Give every character a tragic backstory

Rape victim Sarah Nuffield examined the tiles on her rack. The triple word score seemed out of reach for now, but maybe if she...
‘Come on, come on,’ barked Pete, who had lost an eye in the same childhood accident which had killed his twin brother. ‘We haven’t got all day.’
‘Oh Pete,’ laughed Andrea, whose crippling bouts of depression had led her more than once to the brink of suicide. ‘Leave Sarah alone. It’s only a game.’
‘Yeah, Pete,’ said Simon. ‘You took long enough on your turn.’ He flashed Pete the sympathetic smile which had been his trademark since he had escaped from the religious cult which had indoctrinated him, taken all his money and forced him never to see his family again.
‘I’m sorry,’ said Pete, bravely struggling with his lack of adequate depth perception, ‘but I’ve got a real doozy lined up here.’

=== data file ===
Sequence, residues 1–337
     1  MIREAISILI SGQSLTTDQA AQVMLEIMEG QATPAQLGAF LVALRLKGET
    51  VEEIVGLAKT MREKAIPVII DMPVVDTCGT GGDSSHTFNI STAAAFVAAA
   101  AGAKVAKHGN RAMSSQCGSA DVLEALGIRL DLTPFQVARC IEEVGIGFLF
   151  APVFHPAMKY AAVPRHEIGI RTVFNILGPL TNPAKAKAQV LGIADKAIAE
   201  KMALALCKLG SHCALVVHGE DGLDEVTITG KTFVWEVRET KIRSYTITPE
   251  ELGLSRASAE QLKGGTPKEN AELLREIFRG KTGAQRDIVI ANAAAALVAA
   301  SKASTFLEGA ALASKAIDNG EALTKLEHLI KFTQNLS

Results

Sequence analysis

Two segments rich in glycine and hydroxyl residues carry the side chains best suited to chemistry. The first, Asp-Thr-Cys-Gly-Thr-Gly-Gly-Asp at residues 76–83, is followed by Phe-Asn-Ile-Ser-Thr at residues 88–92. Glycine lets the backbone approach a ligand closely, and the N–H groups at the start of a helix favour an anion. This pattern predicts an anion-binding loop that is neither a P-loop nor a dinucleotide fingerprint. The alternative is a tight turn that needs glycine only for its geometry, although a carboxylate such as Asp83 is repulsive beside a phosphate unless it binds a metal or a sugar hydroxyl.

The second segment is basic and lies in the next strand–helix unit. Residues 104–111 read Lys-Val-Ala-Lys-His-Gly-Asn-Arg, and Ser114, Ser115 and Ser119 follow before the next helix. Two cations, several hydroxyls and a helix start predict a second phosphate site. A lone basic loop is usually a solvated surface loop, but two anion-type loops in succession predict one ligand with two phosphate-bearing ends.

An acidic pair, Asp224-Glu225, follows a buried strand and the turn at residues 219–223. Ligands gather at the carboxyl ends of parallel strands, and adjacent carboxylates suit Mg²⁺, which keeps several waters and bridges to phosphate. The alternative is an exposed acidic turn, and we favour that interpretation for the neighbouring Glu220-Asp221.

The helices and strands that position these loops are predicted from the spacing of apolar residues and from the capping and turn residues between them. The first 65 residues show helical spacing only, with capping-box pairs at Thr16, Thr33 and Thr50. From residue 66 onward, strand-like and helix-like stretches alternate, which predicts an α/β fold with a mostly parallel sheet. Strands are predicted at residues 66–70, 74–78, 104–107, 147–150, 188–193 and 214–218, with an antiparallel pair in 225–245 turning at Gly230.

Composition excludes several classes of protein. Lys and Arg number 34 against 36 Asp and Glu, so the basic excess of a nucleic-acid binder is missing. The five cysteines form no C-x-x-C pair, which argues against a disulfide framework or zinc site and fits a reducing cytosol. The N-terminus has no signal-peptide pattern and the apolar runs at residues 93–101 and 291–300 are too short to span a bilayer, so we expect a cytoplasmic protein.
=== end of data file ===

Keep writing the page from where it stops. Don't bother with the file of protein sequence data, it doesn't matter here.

‘Lucky you,’ said Sarah. ‘The only word I can make is “anguish,” and I can’t find a place to put it.’
‘How about there?’ said Andrea, with a chuckle. ‘Using the “A” from “trauma?”’


  1. They use this one all the time in Japanese role playing games. Can't have a protagonist without dead (or soon to be dead) parents!

  2. Oh if only I get tiles that spell "anguish" when playing scrabble.. I'd be a happy lady.


  3. That's in the style of yer man who wrote Dear John and The Notebook and all that pish.

  4. Oh, my. This is too much. You have an excellent eye for the sins we commit. :-)

  5. This was actually entertaining!

  6. Egads. What a collection of characters.

    Makes me want to write their stories!


  7. Which A did she use?

  8. This is what reality TV is like in Australia.
    They have this rule that you can't be a contestant unless you've got a tragic backstory and the ability to cry on demand when one of the hosts interviews you.

  9. Rape victim... examined the tiles on her. rack.